All efforts to contain the growth of nonperforming loans in Greece have failed so far, as bank sources admit that less than half of debtors who have entered a payment program have stuck to it, and that they represented only a small fraction of bad debtors anyway (about one in 10), while strategic defaulters amount to some 20-25 percent, according to estimates.
As the government prepares the framework for the concession of certain categories of NPLs to private companies, with the involvement of local banks too, estimates show that bad loans increased by 10 billion euros, or 9 percent, last year, climbing to 117 billion euros.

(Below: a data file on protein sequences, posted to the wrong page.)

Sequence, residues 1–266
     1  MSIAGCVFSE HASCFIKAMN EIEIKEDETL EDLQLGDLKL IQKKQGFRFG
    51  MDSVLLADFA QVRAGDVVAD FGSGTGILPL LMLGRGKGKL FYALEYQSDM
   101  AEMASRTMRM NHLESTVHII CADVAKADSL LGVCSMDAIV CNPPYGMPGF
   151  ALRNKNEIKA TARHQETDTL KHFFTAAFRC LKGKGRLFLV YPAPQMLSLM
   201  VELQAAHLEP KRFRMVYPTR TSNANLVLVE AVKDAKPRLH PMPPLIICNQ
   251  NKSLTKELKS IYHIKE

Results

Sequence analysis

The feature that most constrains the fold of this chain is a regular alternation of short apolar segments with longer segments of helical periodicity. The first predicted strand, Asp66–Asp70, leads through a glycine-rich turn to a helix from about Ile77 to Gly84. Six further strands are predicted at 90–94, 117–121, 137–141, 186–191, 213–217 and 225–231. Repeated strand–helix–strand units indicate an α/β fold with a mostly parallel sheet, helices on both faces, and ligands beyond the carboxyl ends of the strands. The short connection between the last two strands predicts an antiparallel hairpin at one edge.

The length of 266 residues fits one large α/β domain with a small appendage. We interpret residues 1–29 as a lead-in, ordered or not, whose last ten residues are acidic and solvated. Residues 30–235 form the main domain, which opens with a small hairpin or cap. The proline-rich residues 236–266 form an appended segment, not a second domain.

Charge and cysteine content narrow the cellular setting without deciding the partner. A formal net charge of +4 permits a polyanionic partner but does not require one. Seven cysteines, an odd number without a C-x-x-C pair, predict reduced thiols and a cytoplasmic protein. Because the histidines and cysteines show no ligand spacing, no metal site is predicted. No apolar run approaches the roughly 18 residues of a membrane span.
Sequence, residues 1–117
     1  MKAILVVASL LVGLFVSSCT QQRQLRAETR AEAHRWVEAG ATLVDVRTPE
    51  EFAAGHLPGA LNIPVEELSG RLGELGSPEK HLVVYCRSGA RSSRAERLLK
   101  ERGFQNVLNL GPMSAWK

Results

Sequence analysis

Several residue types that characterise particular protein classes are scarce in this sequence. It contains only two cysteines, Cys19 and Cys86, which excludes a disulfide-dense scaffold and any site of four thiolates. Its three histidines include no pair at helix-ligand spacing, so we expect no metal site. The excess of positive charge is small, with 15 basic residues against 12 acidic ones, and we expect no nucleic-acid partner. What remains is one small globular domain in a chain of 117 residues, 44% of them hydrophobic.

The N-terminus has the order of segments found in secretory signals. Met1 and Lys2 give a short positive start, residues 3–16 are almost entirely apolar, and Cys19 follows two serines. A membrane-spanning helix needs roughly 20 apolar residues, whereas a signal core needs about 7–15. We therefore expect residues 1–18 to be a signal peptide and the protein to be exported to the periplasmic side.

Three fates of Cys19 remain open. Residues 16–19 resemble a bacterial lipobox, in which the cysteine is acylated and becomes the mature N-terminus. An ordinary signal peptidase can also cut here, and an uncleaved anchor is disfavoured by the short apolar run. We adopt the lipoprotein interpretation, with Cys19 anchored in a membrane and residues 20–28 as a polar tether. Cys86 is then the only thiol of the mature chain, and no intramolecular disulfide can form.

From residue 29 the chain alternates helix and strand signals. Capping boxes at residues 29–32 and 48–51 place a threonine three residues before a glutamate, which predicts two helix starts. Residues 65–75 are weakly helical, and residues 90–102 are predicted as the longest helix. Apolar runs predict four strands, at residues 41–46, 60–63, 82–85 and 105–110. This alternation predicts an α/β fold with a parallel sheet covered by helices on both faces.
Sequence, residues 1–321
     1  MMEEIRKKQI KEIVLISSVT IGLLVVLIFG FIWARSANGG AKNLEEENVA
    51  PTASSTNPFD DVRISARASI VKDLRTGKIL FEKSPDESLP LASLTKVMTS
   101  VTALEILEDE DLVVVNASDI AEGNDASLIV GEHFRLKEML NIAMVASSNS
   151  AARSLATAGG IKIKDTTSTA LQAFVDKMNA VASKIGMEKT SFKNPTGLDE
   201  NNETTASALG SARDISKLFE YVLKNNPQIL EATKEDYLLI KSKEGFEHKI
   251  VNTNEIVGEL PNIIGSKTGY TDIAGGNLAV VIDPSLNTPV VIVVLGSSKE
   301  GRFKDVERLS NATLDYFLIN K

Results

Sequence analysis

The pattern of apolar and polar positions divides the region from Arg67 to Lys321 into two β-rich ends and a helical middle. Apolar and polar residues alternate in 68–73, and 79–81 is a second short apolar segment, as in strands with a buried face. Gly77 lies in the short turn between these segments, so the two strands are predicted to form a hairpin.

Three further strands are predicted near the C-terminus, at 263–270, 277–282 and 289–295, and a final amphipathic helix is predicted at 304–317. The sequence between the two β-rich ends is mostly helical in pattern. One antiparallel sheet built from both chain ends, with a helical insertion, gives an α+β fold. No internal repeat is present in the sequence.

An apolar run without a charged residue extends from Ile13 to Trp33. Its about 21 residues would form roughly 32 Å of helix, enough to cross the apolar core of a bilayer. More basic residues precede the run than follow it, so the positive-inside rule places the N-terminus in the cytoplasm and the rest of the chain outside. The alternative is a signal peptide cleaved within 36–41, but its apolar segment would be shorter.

In contrast to the government’s insistence on excluding all loans secured by primary residences from the debt sale, the creditors are in favor of selling loans of all categories.
Besides strategic defaulters, there are also a significant number of bad debtors who could have settled their debts by paying a small amount such as 150 or 200 euros per month, but have not. A quick glance at the history of the various payment schemes (excluding debtors with real financial problems, such as the unemployed) reveals that these debtors’ main reason for not servicing their obligations is knowing that there would be no penalties, given that repossessions were forbidden.